You may have heard the College Board has redesigned the SAT. Beginning in March 2016, students taking the SAT will notice significant changes to the previous exam. The purpose of this blog post is to introduce the published changes and provide an unofficial timeline of the changes we except over the year.

The last major redesign of the SAT occurred in 2005, when, among other changes, scoring shifted from a 1600 scale to the current 2400 scale through the addition of a writing section. The redesigned SAT is returning to the 1600 scale and making the essay optional.

Spring and Summer 2015:
We should expect the College Board to release the first full-length redesigned sample exams for the SAT and PSAT (PSAT will be first), allowing students an entire year to prepare for the March 2016 launch and seven months for the redesigned PSAT. The College Board has already published sample materials and questions for the new SAT (practice questions). The sample Mathematics questions, while particularly useful, do not yet give students an exhaustive idea of the changes in the exam.

It is important to note that until those official tests are released, any practice materials for the new SAT are speculative, based on the small sample of problems that have been released.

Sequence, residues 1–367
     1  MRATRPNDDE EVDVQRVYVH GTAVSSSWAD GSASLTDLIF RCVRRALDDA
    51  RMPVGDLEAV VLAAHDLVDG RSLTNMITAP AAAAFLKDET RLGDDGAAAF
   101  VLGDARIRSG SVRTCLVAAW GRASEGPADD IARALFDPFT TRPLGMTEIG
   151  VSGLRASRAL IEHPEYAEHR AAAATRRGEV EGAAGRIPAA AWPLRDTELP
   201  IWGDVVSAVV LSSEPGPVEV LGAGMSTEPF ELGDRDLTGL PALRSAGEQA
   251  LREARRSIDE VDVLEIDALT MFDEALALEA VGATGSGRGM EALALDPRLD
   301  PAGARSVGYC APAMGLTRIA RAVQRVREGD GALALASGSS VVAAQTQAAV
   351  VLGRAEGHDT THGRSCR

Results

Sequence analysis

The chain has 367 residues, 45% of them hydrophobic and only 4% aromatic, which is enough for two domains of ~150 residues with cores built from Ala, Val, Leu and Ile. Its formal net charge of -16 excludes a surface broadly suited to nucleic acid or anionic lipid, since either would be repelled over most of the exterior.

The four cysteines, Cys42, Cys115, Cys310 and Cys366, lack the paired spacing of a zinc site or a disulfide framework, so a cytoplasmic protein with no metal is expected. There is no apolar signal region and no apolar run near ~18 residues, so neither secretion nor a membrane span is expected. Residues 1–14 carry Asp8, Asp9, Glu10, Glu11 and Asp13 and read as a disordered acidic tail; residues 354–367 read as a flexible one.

Since I usually write about the SAT Mathematics content, let me address this section of the redesigned SAT. The new SAT Math section will be 80 minutes long and require students to answer 57 questions. Most questions will be multiple-choice and some will be free response. While the new Math section is 10 minutes longer than the former exam, students won’t be able to use their calculators for a 25-minute portion of the test. In terms of content, this section will have a heavy focus on algebra and analyzing, solving, and creating linear equations and inequalities.

Spring 2016:

The last SAT administration before the redesign goes into effect will be offered in January 2016.

In March 2016 the new SAT goes live; it will be closely tied to the Common Core and resemble the ACT like never before.

We will continue to update this blog with any changes to the exam, so please subscribe to receive this information.


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